Theatre in the United StatesEdit
In the Theatre of the United States, Philadelphia was the dominant theatrical centre until 1815. Thomas Wignell established the Chestnut Street Theatre and gathered a group of actors that included William Warren and Thomas Abthorpe Cooper (who later was considered the leading actor in North America). In its infancy, playwrights such as Royall Tyler, William Dunlap, and John Howard Payne laid the foundations for a native drama. Professional theatre was first established in the west in 1815 when Samuel Drake (1769–1854) took a company down the Ohio River and established a circuit that included Lexington, Louisville, and Frankfort.
New York City's importance as a theatrical center grew until it became the primary theatre center during the century, and the Theater District slowly moved north from lower Manhattan until it finally arrived in midtown at the end of the century. On the musical stage, Harrigan and Hart innovated with comic musical plays from the 1870s, but London imports came to dominate, beginning with Victorian burlesque, then Gilbert and Sullivan from 1880, and finally Edwardian musical comedies at the end of the century.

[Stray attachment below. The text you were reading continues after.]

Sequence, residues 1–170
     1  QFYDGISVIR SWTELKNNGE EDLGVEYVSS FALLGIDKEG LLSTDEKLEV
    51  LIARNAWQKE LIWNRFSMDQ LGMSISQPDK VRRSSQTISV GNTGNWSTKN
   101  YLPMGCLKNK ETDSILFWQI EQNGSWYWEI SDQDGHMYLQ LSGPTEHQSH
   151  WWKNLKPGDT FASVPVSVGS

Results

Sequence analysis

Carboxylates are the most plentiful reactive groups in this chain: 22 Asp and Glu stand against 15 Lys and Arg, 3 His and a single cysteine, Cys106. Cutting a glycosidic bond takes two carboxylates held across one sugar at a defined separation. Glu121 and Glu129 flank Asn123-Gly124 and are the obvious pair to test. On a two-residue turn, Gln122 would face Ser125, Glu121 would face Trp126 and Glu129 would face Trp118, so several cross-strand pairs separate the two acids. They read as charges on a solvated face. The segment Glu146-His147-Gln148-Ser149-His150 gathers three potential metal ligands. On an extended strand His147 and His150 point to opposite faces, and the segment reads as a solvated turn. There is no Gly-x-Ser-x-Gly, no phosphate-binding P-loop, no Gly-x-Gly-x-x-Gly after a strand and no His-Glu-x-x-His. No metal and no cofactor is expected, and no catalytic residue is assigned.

Meiningen Ensemble and Richard WagnerEdit
In Germany, drama entered a state of decline from which it did not recover until the 1890s. The major playwrights of the period were Otto Ludwig and Gustav Freytag. The lack of new dramatists was not keenly felt because the plays of Shakespeare, Lessing, Goethe, and Schiller were prominent in the repertory. The most important theatrical force in later 19th-century Germany was that of Georg II, Duke of Saxe-Meiningen and his Meiningen Ensemble, under the direction of Ludwig Chronegk. The Ensemble's productions are often considered the most historically accurate of the 19th century, although his primary goal was to serve the interests of the playwright. The Ensemble's productions utilised detailed, historically accurate costumes and furniture, something that was unprecedented in Europe at the time. The Meiningen Ensemble stands at the beginning of the new movement toward unified production (or what Richard Wagner would call the Gesamtkunstwerk) and the rise of the director (at the expense of the actor) as the dominant artist in theatre-making.